Jim Collins justifiably is renowned for his book, Good to Great; his book previous to that, Built to Last, is also terrific. In it, he explains that the most successful and lasting companies reconcile two competing values: they preserve eternally the core of their organization’s core purposes while still also stimulating progress by adjusting, updating, and refreshing their mission. This becomes then one of the book’s strongest principles: Preserve the Core, Stimulate Progress.
This I think we have done; last week the St. Gregory Board of Trustees updated its mission of the past four years with a revised statement that most certainly preserves the core, promoting excellence in student development of character, scholarship, and leadership, while stimulating progress in the critically important area of 21st century innovation, and also by adding in the importance of our being a diverse learning community.
(I have put in at the very bottom of the post the previous, for those who wish to compare).
We did one other thing: we sought, admittedly in very general terms, to answer the question to what end? Yes, it is our mission to challenge (and now also to support!) our students to excellence, but for what greater purpose? So that they can make a positive impact in the world by pursuing their passions, appreciating and creating beauty, and, in what may be my favorite, by solving problems!
St. Gregory College Preparatory School, as a diverse learning community,
challenges and supports students to achieve excellence in character, scholarship, leadership, and innovation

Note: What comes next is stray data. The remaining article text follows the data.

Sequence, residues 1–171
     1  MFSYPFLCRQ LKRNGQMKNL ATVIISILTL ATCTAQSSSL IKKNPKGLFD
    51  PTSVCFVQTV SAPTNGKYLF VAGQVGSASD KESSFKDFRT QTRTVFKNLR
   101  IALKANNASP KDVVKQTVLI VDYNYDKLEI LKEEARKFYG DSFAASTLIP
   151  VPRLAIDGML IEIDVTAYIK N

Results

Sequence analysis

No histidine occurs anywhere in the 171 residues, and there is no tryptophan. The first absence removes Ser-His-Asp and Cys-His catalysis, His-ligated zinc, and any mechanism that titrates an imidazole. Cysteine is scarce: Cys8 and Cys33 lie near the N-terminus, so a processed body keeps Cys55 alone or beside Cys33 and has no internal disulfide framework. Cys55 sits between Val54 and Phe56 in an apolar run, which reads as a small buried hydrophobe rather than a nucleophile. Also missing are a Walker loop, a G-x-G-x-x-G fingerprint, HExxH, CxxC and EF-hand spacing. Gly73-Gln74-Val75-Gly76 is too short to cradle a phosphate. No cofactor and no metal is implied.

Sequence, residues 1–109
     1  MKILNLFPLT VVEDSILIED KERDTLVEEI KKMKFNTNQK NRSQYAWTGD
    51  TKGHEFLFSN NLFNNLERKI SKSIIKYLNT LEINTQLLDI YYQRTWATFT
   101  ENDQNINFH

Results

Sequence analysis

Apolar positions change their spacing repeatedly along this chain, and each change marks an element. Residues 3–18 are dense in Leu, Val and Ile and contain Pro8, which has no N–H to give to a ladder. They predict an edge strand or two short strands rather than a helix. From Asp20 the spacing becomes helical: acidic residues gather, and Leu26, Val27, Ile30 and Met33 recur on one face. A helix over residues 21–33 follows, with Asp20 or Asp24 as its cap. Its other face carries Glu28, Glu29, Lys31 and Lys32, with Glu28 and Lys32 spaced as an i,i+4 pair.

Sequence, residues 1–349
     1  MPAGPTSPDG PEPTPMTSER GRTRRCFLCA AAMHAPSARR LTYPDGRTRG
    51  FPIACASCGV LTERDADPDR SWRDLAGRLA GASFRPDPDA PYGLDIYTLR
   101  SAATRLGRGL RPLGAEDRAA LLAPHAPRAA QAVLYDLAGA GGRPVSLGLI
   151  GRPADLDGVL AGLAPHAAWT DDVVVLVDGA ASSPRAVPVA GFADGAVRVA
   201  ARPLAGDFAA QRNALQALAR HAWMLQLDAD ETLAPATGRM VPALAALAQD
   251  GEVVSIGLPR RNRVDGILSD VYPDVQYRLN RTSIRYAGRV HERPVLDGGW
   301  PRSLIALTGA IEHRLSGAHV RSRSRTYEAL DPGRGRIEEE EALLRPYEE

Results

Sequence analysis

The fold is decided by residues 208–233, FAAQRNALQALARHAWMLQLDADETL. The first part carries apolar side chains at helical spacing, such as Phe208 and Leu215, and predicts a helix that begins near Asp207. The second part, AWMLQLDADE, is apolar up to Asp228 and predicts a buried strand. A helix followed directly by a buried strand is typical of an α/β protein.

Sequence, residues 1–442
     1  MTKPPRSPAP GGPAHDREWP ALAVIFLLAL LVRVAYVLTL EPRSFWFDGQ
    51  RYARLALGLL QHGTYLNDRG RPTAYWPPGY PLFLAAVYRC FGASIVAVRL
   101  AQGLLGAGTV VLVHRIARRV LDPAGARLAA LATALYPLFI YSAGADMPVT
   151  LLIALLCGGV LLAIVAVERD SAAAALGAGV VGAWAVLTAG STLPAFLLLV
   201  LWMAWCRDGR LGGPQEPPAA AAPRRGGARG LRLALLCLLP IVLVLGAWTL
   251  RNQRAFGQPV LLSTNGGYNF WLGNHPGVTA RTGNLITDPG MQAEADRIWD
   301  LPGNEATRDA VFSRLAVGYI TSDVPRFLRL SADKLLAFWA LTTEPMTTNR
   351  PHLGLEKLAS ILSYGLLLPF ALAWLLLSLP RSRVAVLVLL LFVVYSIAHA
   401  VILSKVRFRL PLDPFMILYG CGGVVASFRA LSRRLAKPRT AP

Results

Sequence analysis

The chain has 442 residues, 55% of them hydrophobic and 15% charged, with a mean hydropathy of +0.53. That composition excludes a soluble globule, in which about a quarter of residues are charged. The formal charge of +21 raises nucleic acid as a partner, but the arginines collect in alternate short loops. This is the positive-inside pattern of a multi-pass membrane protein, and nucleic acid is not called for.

and prepares them to make a positive impact in the world through pursuing their passions, appreciating and creating beauty, and solving problems.
St. Gregory honors the development of student character built on personal integrity, compassion, and respect. We promote the dignity, self-worth, and potential of each individual within a supportive, connected, and caring community which embraces a diversity of students, families, faculty, administrators, staff, trustees, and others.
The St. Gregory learning community is committed to educating the whole child intellectually, physically, emotionally, socially, artistically, and ethically. Our students’ disciplined scholarship is instilled and developed in a learning environment which values the rigors and joys of learning. This scholarship is grounded in intellectual curiosity, critical and creative thinking, and effective communication.
Leadership at St. Gregory affirms the civic responsibility of students and encourages using skillful facilitation and collaboration to positively influence the action of others. We recognize our school’s public purpose to use our resources to serve our own students and others in our region and beyond.
At St. Gregory we cultivate a mindset of innovation founded upon open-minded inquiry, divergent thinking, and purposeful action. As innovators, our students develop the creativity, ingenuity, inventiveness, and originality of thought to tackle and resolve the challenges facing our world.